Arron asked me a few weeks ago, ‘If you could do this trip with anyone else, who would it be?’
I thought for a while. In the end, I couldn’t give him an answer, except ‘No one.’
It has so become OUR trip that I simply couldn’t imagine it as my trip with anyone else. It is not exactly how I imagined it, or how it would be if I was alone and had complete control, but the sacrifices and adjustments more than make up for Arron’s company, and I hope, though will never truly know, that he feels the same.
It is incredible to think that this time last year I had never even met him and yet, since the beginning of this year I can count on one hand the days we have spent apart!
I have never before spent this much time with one person and it was one of my biggest concerns about the trip together. What if we didn’t get on? What if we irritated each other or ended up hating one another? In fact I fully suspected that we might decide to split along the way, but, only a few hundred kilometers from home, we are still cycling and camping together.
At the beginning I believe we needed each other. Cycling and camping in conditions as cold as those we faced in Xinjiang meant that falling out simply wasn’t an option. We needed one another for warmth (I reheated my frozen toes up in his armpits more than once), for shared cooking duties, and to be honest, basic survival.
As time wore on we have needed one another less. The conditions are easier than ever, our own abilities increased and comfort zones stretched to easily encompass our current daily challenges.
We have stopped at numerous points along the way to talk about whether to stay together or not and have always ended up choosing to do so. Inevitably cycling with someone means compromises on both sides. Sometimes one of us has to stop early because the other is feeling tired, other times we have to push harder to keep up with the other, and sometimes we drive each other nuts for no other reason than that we haven’t had any space for a few days.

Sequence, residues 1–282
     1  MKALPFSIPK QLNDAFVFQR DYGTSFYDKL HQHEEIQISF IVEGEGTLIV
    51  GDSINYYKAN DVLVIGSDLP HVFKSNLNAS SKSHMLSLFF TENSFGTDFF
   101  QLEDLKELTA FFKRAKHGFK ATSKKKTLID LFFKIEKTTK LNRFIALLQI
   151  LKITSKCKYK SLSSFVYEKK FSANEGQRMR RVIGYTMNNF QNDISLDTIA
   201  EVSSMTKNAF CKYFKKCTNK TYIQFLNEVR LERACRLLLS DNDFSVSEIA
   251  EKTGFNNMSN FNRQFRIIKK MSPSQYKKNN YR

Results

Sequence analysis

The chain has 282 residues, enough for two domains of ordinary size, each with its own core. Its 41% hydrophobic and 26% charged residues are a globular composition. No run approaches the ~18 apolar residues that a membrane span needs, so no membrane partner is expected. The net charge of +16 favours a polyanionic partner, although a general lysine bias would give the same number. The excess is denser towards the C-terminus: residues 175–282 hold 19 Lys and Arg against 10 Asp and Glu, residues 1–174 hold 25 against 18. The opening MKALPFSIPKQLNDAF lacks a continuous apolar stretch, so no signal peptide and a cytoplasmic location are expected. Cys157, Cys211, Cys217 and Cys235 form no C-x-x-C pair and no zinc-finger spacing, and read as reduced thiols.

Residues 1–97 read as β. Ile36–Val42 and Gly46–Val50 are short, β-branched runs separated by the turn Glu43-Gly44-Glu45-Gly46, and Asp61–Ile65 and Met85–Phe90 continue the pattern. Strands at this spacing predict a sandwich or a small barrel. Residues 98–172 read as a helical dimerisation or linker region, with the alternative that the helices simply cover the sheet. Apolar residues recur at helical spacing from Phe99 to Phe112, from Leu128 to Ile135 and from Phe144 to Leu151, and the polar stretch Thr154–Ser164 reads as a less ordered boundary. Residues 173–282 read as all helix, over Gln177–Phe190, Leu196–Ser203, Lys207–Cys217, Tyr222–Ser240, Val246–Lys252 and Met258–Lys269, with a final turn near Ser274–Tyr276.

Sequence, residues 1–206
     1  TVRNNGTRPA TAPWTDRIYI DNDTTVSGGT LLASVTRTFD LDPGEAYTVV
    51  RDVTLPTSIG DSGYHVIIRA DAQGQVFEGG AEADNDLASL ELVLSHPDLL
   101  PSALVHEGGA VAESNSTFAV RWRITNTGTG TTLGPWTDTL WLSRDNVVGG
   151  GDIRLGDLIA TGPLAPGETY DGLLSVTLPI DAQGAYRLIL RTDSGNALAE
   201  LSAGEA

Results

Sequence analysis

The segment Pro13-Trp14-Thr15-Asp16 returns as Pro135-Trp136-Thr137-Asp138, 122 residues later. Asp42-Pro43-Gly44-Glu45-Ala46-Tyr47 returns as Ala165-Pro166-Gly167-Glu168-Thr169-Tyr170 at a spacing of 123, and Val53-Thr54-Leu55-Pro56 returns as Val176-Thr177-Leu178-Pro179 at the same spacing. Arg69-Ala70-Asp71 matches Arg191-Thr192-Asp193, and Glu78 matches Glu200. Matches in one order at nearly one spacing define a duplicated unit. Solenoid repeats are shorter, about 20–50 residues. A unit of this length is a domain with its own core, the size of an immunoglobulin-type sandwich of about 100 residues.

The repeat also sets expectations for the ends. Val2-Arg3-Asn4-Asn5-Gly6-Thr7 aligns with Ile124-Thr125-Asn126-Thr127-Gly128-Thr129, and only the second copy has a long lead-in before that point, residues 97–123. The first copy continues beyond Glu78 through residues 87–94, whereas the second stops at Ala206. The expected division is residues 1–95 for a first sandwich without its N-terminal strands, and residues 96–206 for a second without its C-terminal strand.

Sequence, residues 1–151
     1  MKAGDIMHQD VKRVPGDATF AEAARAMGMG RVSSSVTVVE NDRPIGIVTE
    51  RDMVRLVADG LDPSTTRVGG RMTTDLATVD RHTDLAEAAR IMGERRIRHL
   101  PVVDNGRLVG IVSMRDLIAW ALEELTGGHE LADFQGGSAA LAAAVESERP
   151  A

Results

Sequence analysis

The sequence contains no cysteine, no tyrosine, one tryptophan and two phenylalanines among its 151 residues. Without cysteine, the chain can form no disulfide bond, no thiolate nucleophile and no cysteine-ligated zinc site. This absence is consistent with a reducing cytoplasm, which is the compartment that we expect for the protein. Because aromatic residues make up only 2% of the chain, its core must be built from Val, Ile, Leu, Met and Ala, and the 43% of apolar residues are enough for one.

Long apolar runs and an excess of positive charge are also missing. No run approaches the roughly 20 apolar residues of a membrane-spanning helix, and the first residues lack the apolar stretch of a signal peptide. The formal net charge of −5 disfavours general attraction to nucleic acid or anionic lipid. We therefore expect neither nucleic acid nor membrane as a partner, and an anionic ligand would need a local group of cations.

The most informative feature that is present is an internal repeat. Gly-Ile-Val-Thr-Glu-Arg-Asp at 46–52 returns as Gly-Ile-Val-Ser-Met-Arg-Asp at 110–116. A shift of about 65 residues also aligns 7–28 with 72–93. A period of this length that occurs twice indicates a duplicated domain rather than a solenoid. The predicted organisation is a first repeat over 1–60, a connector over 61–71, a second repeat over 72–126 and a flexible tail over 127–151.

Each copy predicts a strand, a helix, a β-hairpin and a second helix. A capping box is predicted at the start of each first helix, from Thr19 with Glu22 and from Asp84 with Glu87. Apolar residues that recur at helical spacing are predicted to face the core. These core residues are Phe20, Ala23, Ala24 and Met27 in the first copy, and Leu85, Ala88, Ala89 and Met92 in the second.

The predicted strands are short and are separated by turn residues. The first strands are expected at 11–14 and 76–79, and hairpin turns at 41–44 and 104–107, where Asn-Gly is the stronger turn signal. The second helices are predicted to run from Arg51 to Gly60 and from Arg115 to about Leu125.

Perhaps it would have been different had we managed to cycle the entire journey, as tiredness can often aggravate an otherwise minor issue. However, we had other stresses to deal with (namely wrestling dismantled bicycles onto buses and through numerous unnecessary security checks) and somehow we managed to overcome the difficulties and still find time to laugh together (and sometimes at each other!)
Before we left Hong Kong Arron was lent a book by a friend called, ‘Men are from Mars, Women are from Venus’. He read it and raved about it and said I absolutely had to read it. So I did.
In truth I hated the book, I found it outdated and sexist (though I’m sure it wasn’t intended this way). However, it had unexpectedly positive results when we cycled. Though I may not have liked or agreed with some of it, it gave us a framework that we both understood. We could then use and refer to it when one of us was having difficulty understanding the other and in that way, were able to give each other the space or support needed – or at the very least, try to!
As it is, we are still cycling, still laughing and sometimes crying and still on our trip together! 🙂